from The American Heritage® Dictionary of the English Language, 4th Edition

  • n. A Celt of ancient Gaul.
  • n. A French person.
  • Formerly Gal·li·a (gălˈē-ä)Gaul 2 An ancient region of western Europe south and west of the Rhine River, west of the Alps, and north of the Pyrenees, corresponding roughly to modern-day France and Belgium. The Romans extended the designation to include northern Italy, particularly after Julius Caesar's conquest of the area in the Gallic Wars (58-51 B.C.).

from Wiktionary, Creative Commons Attribution/Share-Alike License

  • proper n. A Roman-era region roughly corresponding to modern France and Belgium
  • n. A person from Gaul.

from the GNU version of the Collaborative International Dictionary of English

  • n. The Anglicized form of Gallia, which in the time of the Romans included France and Upper Italy (Transalpine and Cisalpine Gaul).
  • n. A native or inhabitant of Gaul.

from The Century Dictionary and Cyclopedia

  • See gowl, yowl.
  • n. An inhabitant of ancient Gaul, a country divided by the Alps into Cisalpine Gaul (northern Italy) and Transalpine Gaul (modern France, with Belgium and parts of Germany, of Switzerland, and of the Netherlands); specifically, a member of the Gallic or Celtic race, in distinction from other races settled in the same regions.—2. In modern use, a Frenchman: as, the lively Gaul.
  • n. etc. An obsolete or occasional spelling of gall, gall, etc.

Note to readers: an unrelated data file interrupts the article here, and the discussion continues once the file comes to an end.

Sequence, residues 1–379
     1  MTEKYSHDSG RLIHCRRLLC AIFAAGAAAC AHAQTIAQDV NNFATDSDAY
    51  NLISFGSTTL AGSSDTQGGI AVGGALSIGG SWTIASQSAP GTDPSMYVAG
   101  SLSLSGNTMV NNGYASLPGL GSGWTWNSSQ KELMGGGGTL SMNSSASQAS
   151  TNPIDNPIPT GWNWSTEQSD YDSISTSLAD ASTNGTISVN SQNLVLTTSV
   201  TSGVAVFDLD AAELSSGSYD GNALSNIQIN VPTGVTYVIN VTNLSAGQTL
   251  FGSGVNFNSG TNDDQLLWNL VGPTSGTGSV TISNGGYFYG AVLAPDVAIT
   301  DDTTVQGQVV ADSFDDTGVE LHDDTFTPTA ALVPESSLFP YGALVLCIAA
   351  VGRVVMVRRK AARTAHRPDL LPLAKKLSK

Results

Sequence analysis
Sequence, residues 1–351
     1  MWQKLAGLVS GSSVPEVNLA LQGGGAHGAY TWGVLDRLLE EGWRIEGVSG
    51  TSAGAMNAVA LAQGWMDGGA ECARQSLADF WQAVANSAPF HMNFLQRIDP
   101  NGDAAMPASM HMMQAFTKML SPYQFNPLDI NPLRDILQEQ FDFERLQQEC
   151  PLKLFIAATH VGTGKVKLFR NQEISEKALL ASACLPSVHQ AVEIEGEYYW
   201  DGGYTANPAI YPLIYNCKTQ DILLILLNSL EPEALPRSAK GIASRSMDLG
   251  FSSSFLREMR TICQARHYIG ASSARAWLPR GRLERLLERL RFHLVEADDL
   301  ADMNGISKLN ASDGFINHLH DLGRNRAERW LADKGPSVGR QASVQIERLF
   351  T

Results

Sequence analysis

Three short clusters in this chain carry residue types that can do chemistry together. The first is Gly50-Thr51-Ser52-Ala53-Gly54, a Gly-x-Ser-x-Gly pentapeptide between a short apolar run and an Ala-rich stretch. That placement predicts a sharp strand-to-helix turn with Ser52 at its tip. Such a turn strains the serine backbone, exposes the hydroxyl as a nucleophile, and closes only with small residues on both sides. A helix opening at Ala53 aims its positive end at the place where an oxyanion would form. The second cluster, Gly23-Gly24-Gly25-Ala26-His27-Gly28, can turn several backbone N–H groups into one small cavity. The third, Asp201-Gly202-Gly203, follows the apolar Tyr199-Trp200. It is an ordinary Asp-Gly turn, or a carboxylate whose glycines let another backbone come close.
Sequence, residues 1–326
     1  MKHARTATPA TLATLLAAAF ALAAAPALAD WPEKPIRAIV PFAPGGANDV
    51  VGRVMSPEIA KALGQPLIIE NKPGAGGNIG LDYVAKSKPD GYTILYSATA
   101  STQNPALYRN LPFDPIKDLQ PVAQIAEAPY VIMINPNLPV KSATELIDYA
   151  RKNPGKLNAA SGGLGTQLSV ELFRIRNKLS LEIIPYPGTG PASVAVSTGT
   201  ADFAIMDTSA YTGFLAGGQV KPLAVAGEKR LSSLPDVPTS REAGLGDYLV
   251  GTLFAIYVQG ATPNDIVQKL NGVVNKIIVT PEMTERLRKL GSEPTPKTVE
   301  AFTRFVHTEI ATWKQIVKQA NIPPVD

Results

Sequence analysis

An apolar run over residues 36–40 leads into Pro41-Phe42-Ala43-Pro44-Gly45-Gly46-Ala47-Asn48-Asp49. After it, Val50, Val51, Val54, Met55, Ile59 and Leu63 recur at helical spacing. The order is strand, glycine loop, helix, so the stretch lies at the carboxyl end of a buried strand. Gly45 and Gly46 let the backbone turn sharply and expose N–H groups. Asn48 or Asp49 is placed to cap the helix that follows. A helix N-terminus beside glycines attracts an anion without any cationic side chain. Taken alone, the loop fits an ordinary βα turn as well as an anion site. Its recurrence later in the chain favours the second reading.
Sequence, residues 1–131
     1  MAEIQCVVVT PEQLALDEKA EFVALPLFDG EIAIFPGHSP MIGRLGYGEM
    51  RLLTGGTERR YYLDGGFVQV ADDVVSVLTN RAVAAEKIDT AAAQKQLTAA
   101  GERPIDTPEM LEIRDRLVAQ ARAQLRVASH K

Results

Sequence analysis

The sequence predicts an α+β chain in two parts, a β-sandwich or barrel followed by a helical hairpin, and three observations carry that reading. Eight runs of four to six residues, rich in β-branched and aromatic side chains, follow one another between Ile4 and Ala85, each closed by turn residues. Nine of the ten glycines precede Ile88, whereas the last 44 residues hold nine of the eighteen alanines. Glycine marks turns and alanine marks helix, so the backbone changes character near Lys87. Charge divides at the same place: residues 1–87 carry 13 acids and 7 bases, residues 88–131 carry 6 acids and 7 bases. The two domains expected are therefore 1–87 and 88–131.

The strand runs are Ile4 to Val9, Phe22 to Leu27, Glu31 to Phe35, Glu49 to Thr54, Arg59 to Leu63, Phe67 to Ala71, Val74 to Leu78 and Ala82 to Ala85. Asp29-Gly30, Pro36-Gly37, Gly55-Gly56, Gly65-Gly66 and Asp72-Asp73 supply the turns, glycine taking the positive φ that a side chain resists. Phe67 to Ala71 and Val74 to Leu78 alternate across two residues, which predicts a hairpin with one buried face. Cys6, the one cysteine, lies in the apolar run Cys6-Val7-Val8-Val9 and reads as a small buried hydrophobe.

• n. A wooden pole or bar used as a lever.

from WordNet 3.0 Copyright 2006 by Princeton University. All rights reserved.

  • n. a Celt of ancient Gaul
  • n. an ancient region of western Europe that included what is now northern Italy and France and Belgium and part of Germany and the Netherlands
  • n. a person of French descent


from Wiktionary, Creative Commons Attribution/Share-Alike License

From French Gaule ("Gaul"), from Middle French Gaule ("Gaul"), from Old French Gaule, Waulle ("Gaul"), a word used as a translation of Latin Gallia ("Gaul"), from Frankish *Walholant (“Gaul, Land of the Romans, foreigners”), from Frankish *Walha (“foreigners, Romans, Celts”), from Proto-Germanic *walhaz (“an outlander, foreigner, Celt”), probably of Celtic origin, from the same source as Latin Volcae ("name of a Celtic tribe in South Germany, which later emmigrated to Gaul"). Akin to Old High German Walh, Walah ("a Celt, Roman, Gaul"), Old English Wealh, Walh ("a non-Germanic foreigner, Celt/Briton/Welshman"), Old Norse Valir ("Gauls, Frenchmen"). More at Wales, Cornwall, Walloon.



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